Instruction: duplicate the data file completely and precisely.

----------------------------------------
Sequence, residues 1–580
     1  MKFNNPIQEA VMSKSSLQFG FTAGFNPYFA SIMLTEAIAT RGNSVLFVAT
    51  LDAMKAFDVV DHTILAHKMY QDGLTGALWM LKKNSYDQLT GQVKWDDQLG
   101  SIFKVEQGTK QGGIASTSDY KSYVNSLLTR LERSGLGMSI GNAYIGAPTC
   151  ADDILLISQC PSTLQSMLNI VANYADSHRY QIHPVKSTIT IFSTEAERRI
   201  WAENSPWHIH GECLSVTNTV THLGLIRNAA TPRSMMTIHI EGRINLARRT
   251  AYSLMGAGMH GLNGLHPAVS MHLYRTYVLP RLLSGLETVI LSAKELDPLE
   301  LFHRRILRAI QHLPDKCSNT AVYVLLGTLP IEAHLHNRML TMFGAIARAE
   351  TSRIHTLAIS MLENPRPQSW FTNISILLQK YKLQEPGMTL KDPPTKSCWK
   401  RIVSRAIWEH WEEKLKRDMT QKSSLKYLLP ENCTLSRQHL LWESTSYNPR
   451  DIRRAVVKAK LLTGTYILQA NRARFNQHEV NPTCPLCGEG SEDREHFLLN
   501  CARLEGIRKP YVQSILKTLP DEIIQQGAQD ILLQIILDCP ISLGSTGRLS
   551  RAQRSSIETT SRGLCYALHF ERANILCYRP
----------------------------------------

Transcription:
Sequence, residues 1–580
     1  MKFNNPIQEA VMSKSSLQFG FTAGFNPYFA SIMLTEAIAT RGNSVLFVAT
    51  LDAMKAFDVV DHTILAHKMY QDGLTGALWM LKKNSYDQLT GQVKWDDQLG
   101  SIFKVEQGTK QGGIASTSDY KSYVNSLLTR LERSGLGMSI GNAYIGAPTC
   151  ADDILLISQC PSTLQSMLNI VANYADSHRY QIHPVKSTIT IFSTEAERRI
   201  WAENSPWHIH GECLSVTNTV THLGLIRNAA TPRSMMTIHI EGRINLARRT
   251  AYSLMGAGMH GLNGLHPAVS MHLYRTYVLP RLLSGLETVI LSAKELDPLE
   301  LFHRRILRAI QHLPDKCSNT AVYVLLGTLP IEAHLHNRML TMFGAIARAE
   351  TSRIHTLAIS MLENPRPQSW FTNISILLQK YKLQEPGMTL KDPPTKSCWK
   401  RIVSRAIWEH WEEKLKRDMT QKSSLKYLLP ENCTLSRQHL LWESTSYNPR
   451  DIRRAVVKAK LLTGTYILQA NRARFNQHEV NPTCPLCGEG SEDREHFLLN
   501  CARLEGIRKP YVQSILKTLP DEIIQQGAQD ILLQIILDCP ISLGSTGRLS
   551  RAQRSSIETT SRGLCYALHF ERANILCYRP